As a flood of settlers made their way into East Texas during the 1830’s and 40’s they found an abundance of old growth timber available for constructing homes and barns. Railroads had not extended to the area, the primary means of transporting significant building materials was via river transportation. Long leaf pine and oak timber several hundred years old were tall and straight. With a little ax and cross-cut saw work a small one room (sometimes called a pen) shelter could be constructed, usually with a brick or stone chimney on one end. Later another “pen” would be added with a center passage between the two. This created the dog trot.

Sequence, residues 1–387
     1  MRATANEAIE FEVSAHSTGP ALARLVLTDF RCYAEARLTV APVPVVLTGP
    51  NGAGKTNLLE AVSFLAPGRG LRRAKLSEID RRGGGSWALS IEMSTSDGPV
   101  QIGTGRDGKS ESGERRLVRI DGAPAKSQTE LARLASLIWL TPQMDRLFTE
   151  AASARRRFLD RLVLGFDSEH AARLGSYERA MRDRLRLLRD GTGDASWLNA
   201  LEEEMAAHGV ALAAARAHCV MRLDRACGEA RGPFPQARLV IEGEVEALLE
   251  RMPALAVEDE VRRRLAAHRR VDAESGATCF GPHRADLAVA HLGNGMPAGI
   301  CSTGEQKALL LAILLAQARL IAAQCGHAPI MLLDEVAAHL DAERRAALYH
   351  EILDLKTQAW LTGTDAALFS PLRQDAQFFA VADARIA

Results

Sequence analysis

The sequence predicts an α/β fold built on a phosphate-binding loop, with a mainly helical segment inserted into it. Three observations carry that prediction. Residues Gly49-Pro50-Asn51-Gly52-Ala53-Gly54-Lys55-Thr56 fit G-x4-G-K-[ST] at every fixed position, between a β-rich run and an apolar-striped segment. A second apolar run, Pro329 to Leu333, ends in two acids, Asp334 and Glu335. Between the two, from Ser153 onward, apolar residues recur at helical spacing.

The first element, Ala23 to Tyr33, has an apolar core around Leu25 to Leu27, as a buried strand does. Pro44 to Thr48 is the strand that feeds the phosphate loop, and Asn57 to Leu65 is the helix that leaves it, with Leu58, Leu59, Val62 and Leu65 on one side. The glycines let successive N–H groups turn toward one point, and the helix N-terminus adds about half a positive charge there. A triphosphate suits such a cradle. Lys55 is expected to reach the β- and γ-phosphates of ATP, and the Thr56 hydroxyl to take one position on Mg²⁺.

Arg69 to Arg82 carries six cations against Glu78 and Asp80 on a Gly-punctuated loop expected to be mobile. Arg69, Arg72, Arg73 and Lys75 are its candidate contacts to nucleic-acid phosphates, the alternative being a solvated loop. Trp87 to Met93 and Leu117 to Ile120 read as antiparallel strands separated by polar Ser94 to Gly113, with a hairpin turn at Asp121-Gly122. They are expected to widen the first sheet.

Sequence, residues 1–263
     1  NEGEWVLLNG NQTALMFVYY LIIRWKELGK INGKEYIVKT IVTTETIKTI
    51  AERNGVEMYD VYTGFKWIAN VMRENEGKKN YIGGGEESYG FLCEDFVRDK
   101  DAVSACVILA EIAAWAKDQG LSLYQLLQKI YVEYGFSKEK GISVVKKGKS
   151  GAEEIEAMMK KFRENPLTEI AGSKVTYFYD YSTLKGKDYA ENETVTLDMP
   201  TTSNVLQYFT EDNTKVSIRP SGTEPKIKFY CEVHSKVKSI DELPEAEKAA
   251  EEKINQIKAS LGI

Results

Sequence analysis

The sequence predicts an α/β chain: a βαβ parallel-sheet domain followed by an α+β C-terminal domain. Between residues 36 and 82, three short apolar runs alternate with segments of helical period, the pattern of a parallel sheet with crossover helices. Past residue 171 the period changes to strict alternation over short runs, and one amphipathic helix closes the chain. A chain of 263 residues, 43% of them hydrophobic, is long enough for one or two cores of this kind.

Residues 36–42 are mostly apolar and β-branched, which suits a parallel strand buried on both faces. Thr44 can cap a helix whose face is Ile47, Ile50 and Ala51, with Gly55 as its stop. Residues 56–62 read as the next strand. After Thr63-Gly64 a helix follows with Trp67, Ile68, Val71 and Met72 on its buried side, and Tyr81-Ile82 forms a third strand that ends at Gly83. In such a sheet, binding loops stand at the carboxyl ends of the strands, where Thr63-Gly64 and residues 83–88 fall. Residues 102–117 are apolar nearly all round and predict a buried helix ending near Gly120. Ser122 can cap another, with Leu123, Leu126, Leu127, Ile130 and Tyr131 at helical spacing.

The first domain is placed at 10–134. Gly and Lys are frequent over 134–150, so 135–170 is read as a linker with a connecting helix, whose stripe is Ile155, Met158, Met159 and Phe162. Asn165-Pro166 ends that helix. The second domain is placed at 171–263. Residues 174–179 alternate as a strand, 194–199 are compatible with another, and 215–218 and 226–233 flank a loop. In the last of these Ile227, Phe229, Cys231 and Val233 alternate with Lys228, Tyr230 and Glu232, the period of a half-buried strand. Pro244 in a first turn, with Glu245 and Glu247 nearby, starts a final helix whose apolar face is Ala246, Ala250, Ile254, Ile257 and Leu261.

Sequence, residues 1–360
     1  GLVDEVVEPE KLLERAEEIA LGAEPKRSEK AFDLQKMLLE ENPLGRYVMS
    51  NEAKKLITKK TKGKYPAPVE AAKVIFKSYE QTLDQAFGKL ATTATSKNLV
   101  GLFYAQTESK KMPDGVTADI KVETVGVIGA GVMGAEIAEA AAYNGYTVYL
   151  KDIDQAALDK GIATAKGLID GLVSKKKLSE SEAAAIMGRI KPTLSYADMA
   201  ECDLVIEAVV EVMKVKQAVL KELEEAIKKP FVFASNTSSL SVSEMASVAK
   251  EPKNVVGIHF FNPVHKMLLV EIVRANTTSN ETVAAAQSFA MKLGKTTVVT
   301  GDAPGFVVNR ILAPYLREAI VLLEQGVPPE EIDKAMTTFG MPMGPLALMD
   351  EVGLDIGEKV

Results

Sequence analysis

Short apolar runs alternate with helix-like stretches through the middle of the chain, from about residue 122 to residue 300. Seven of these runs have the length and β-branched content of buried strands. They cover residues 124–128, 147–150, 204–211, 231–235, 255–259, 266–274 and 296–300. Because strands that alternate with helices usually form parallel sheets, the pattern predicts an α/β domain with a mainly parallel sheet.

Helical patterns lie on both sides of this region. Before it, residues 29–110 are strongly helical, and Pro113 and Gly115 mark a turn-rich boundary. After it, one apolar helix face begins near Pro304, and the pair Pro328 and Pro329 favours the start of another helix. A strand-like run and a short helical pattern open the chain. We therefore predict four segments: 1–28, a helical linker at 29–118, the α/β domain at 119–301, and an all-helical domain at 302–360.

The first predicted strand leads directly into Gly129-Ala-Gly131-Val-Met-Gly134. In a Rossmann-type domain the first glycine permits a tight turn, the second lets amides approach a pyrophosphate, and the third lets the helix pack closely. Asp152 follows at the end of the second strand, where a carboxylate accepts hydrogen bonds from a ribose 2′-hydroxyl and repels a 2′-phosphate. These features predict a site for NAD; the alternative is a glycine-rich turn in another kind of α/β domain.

It was common for the center passage to be enclosed front and rear, converting it into a central hall. The dog trot design was not exclusive to log construction, during the 1850’s and 60’s, with the establishment of small movable sawmills rough cut lumber and later dressed lumber was used, and more formal dwellings began to show up.
This is a great 1860’s example located near Alto on the “Kings Highway”. The original dogtrot remains, however it has been enclosed and several additions have been made over the last 150 years. Mark has been documenting the house this week and will begin restoration plans soon.